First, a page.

Starting from a familiar concept in group theory, of defining a group 'by generators and relations', we can say that in general a free object of a certain specific algebraic type will have 'generators and no relations'. Yet. If we want to use the method of generators and relations in generality, we split the approach up as (i) create an object with the generators which are left as general as possible; and then (ii) impose relations, in the form of an equivalence relation which is a congruence. Therefore in these terms from universal algebra we need to understand free objects for step (i), and the nature of congruences for step (ii).
An example would be free monoids. These are rather simpler than free groups: the free monoid on a set X, is the monoid of all finite strings using X as alphabet, with operation concatenation of strings. The identity is the empty string. (See Kleene star.)
As that example suggests, free objects look like constructions from syntax; and we can reverse that to some extent by saying that major uses of syntax can be explained and characterised as free objects, in a way that makes apparently heavy 'punctuation' explicable (and more memorable). An example for that is the way a free magma on X turns out to be the magma of binary trees labelled at the leaves by X. That construction generalises (from a single binary operation to any collection of 'arities') in a way the free object concept makes much more palatable. (See also Herbrand universe.)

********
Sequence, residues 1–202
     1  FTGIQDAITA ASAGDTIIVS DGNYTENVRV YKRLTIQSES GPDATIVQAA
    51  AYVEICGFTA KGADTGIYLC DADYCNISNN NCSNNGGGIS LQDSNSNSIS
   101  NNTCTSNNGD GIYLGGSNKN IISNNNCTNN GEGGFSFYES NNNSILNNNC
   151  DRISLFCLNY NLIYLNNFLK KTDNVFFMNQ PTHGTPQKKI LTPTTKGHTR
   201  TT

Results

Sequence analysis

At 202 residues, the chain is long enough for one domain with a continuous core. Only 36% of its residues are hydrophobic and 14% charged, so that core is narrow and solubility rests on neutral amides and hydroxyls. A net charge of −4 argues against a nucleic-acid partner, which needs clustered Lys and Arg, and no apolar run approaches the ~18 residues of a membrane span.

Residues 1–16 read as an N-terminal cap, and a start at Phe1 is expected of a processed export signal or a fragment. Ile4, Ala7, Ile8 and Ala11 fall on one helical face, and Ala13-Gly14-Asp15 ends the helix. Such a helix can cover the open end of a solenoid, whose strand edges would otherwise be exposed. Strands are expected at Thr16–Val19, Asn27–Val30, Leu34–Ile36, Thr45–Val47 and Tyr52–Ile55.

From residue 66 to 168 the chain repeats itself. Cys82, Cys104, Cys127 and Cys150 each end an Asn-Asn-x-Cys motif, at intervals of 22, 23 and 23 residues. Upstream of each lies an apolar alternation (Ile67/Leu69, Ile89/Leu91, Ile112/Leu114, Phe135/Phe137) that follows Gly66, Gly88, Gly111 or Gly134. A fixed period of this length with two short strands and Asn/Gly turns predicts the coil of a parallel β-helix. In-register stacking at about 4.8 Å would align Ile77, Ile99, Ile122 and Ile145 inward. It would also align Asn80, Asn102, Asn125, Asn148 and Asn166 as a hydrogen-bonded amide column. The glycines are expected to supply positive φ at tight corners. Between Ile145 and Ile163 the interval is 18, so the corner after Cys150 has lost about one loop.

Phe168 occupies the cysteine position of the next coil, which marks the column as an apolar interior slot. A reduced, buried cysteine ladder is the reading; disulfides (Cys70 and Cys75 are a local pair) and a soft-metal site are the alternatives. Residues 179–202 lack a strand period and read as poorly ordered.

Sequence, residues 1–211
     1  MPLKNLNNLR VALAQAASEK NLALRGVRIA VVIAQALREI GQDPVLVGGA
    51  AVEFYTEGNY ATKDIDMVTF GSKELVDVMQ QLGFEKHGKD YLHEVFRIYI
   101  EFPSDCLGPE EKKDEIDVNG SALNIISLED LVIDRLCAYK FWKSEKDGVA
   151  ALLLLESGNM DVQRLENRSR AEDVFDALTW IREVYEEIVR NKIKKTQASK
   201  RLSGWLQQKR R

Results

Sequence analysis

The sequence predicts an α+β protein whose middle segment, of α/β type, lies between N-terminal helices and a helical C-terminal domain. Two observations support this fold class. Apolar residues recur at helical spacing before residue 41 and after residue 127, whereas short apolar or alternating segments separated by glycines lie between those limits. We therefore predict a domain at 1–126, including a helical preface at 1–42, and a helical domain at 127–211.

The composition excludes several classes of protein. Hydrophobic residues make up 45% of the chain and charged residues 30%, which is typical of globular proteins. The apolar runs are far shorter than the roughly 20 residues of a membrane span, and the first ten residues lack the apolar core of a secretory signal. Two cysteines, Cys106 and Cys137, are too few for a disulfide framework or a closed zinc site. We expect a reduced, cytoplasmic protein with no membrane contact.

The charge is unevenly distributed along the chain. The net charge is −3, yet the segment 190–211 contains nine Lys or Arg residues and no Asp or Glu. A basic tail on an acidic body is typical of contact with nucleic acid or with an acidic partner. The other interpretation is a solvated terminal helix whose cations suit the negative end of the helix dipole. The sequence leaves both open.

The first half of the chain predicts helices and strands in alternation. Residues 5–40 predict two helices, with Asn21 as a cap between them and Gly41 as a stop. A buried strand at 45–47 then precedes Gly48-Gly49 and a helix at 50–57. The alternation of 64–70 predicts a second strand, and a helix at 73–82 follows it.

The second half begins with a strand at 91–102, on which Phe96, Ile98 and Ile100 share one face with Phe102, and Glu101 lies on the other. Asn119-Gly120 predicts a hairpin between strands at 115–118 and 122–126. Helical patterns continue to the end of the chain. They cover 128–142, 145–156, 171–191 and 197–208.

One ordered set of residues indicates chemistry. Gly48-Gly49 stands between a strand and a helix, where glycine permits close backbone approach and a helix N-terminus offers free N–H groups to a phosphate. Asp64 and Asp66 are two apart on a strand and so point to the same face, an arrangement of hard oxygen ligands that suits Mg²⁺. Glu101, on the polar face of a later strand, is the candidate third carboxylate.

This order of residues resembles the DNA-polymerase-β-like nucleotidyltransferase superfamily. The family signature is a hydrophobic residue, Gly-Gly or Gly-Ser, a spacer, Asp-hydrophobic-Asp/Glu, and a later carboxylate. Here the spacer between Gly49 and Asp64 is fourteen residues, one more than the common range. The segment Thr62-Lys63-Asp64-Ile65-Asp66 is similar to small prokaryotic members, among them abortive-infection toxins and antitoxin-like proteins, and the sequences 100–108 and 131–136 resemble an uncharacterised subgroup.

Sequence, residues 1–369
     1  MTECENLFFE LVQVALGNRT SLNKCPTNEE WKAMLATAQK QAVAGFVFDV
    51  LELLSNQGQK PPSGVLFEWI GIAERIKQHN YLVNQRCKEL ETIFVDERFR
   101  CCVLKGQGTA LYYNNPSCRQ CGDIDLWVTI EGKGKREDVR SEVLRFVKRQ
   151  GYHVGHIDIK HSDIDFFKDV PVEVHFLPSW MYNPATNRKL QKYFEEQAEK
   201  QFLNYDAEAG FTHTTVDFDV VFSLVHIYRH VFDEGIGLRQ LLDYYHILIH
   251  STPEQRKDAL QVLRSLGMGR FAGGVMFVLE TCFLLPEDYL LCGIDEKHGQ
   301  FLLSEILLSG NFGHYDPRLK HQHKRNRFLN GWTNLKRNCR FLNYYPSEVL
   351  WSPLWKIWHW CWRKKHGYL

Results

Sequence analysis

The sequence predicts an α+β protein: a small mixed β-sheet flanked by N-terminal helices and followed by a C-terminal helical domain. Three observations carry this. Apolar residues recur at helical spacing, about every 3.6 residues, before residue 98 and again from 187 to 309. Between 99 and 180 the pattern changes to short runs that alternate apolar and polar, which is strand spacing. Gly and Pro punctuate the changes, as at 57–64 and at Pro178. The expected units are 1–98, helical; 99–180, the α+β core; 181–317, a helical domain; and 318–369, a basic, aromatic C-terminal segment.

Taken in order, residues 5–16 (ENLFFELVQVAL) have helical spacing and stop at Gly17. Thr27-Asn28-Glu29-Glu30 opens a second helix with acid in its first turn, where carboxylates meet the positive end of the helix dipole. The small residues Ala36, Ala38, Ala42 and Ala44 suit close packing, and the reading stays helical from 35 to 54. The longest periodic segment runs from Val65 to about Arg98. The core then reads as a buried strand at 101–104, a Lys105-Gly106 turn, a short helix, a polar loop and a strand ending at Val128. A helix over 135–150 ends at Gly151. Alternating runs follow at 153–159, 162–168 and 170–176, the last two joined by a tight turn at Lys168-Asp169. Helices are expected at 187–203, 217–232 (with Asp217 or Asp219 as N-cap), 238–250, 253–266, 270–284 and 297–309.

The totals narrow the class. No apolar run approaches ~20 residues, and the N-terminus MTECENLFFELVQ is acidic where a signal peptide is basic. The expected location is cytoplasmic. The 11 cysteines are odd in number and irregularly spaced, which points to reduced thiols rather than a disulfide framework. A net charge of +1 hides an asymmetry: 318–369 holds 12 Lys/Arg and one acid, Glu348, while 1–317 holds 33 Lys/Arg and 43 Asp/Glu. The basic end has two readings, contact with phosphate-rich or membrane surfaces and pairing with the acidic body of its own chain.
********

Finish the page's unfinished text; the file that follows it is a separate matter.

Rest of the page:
In general, the setting for a free object is like this: a category C of algebraic structures (sets plus operations, obeying some laws) has a functor F to Sets, the category of sets and functions, that simply ignores the operations. We call F a forgetful functor. Free objects are created by a left adjoint G to F: for a set X the free object on X as 'generators' is G(X). There are general existence theorems that apply.
Other types of forgetfulness also give rise to objects quite like free objects: for example the tensor algebra construction on a vector space as left adjoint to the function on algebras over a field that ignores the algebra structure.